Faster walking associated with reduced risk of death

Exercise is generally good for health, and one form of exercise that I advocate strongly is walking. Regular walking has been associated with protection from chronic diseases such as heart disease and type 2 diabetes. It also is an activity that tends to take people outdoors. This may have spin-off benefits in terms of, say, enhanced sunlight exposure. Other boons related to walking is that it is relatively gentle on the body, requires little or no ‘kit’, and can be partaken in by almost everyone, including individuals who do not regard themselves as ‘sporty’.

For someone to get maximum benefit from walking, I generally recommend that individuals spend at least some of the time walking briskly. Getting speed and effort up to a point where one is mildly breathless but still able to talk is likely to be intense enough to enhance fitness and general health. Just this week, a study was published which links increased walking speed with benefits for health in terms of reduced risk of death, specifically from cardiovascular diseases (e.g. heart attacks and stroke).

The study, published on-line in the British Medical Journal, followed about 3200 men and women aged 65 or over (average age 73) over an average of 5 years [1]. At the beginning of the study the walking speed of study participants was assessed. Over time, the researchers kept tabs on whether the participants. In cases where someone had died, cause of death was also ascertained.

The analysis of this study entailed assessing the relationship between walking speed and risk of death (overall risk of death, as well as death due to specific conditions). The study participants were split into thirds according to walking speed (slow, medium, fast). Essentially, compared to faster walkers, those in the ‘slow’ category were found to be at increased risk of death from cardiovascular disease, but not other causes (e.g. cancer).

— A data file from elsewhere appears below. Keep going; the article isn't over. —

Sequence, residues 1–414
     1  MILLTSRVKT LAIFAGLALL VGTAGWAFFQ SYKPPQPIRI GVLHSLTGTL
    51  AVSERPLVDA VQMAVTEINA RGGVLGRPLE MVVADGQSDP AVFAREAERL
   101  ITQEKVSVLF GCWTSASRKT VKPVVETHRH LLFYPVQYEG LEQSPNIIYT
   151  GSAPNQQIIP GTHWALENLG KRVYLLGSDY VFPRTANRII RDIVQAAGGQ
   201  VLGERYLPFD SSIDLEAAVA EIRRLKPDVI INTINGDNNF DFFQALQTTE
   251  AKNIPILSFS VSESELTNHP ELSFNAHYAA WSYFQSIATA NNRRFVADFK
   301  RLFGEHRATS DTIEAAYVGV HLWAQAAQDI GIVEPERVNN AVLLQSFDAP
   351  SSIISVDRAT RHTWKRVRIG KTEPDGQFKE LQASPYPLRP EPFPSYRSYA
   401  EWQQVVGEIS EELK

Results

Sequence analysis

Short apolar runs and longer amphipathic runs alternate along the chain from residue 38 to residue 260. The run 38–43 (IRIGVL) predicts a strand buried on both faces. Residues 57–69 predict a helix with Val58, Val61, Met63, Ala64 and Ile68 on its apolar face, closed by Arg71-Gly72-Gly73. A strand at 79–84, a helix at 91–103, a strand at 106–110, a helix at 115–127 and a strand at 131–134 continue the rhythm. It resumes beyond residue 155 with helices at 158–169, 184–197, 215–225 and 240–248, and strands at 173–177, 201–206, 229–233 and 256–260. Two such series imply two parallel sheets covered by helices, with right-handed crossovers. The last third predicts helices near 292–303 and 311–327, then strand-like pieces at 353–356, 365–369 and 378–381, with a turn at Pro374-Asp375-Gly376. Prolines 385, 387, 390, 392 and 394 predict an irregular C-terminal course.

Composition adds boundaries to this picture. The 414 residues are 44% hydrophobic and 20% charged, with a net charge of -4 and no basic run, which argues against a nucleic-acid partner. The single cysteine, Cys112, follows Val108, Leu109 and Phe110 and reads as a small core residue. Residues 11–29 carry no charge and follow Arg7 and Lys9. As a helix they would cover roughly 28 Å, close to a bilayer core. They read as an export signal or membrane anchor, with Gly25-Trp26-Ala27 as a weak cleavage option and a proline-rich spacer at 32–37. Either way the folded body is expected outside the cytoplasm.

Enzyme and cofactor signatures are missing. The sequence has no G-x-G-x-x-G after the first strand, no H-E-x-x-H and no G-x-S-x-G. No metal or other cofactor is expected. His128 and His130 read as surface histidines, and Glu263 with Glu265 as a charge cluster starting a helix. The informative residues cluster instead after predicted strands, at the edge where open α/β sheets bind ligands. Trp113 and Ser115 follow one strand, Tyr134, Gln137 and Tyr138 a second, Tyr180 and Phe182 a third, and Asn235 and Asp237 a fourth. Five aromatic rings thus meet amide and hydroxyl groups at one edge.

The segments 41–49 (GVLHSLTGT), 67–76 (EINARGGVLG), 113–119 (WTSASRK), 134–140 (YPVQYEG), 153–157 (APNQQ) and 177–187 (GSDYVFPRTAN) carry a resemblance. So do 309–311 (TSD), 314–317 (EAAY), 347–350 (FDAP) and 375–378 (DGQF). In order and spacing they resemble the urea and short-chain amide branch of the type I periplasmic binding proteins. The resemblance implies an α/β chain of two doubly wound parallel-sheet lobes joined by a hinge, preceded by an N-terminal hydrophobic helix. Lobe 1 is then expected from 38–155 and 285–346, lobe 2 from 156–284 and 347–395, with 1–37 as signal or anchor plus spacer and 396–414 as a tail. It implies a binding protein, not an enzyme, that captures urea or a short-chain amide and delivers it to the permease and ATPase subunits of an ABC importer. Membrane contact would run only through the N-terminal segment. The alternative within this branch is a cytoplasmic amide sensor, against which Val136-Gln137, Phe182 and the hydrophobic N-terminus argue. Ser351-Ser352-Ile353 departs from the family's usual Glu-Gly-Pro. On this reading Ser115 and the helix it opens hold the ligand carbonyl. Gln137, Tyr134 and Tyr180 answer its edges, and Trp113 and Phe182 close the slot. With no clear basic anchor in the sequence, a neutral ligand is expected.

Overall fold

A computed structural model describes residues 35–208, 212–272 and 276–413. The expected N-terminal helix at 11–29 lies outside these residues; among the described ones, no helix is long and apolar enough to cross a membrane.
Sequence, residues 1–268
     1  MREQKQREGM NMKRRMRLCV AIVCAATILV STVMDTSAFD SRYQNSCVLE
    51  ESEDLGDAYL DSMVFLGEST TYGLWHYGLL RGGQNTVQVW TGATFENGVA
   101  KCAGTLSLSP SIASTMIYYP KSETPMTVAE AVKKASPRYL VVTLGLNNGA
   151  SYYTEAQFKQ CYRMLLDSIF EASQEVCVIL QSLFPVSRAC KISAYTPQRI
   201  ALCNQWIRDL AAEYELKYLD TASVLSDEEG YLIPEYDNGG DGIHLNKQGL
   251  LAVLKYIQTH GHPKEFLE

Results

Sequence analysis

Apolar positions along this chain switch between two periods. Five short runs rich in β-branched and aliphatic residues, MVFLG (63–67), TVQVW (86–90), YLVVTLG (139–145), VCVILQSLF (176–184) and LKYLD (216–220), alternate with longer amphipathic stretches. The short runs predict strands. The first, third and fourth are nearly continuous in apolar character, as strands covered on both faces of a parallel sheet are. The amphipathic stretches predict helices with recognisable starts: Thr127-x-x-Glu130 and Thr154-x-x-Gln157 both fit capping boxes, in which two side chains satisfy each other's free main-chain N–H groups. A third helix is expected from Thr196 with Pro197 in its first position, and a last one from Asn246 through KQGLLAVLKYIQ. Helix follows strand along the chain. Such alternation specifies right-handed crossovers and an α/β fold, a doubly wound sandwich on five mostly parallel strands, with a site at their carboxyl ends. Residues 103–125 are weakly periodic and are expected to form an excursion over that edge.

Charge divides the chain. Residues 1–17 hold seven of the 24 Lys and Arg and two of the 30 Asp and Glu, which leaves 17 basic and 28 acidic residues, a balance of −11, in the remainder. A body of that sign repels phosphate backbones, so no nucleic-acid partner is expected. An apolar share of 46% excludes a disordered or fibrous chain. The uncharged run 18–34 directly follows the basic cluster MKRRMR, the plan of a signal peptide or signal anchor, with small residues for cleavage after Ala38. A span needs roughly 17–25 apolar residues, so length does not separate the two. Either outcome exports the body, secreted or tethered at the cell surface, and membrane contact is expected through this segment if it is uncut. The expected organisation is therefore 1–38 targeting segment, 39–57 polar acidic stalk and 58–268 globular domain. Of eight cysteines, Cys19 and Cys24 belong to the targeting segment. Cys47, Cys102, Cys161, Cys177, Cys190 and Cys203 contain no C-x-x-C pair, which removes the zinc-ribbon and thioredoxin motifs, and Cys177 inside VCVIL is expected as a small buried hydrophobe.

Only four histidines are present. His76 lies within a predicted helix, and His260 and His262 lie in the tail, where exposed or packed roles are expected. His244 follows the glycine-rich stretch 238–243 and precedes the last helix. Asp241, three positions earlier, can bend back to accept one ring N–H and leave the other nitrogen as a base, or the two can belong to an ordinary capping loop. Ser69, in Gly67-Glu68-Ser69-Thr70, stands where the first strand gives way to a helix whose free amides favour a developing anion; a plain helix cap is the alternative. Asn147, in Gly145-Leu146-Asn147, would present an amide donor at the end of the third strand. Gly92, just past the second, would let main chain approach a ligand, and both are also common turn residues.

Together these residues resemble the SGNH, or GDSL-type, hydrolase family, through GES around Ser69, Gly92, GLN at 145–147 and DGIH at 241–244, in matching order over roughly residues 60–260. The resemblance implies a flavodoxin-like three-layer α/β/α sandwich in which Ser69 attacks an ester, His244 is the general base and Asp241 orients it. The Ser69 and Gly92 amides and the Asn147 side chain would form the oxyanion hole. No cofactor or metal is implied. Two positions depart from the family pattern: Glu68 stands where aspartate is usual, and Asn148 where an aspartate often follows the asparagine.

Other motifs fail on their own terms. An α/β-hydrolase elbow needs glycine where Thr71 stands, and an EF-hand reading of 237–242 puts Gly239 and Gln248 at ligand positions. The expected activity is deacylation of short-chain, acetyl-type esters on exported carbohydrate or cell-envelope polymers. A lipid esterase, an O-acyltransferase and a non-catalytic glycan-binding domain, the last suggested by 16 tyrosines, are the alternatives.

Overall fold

The researchers, in their analysis, attempted to ‘control for’ various ‘confounding factors’. It is possible the slower walkers smoked more or were at higher risk of high blood pressure, and that these factors might account for the relationship between slower walking speed and increased risk of death. Factoring these so-called confounding factors into an analysis of the data will give us a better idea if walking speed is genuinely associated with risk of mortality in a meaningful way. In this study, the researchers attempted to account for a huge array of potential confounders, including age, sex, body weight and medical history.

Even after accounting for these factors, the relationship between slow walking and increased risk of mortality remained. Compared to fast walkers, individuals in the slow category were at a 44 per cent increased risk of death overall. Their risk of death from cardiovascular disease was about three times higher than fast walkers. Risk of death from other causes, including cancer, was not higher.

Now, epidemiological studies of this nature cannot be used to conclude that fast walking speeds have direct benefits for health. However, the fact that the association remained after so many confounding factors were accounted for at least suggests a real relationship. The association held true for both men and women, those exercising a lot and a little, those at high and low risk of cardiovascular disease, and the young and old.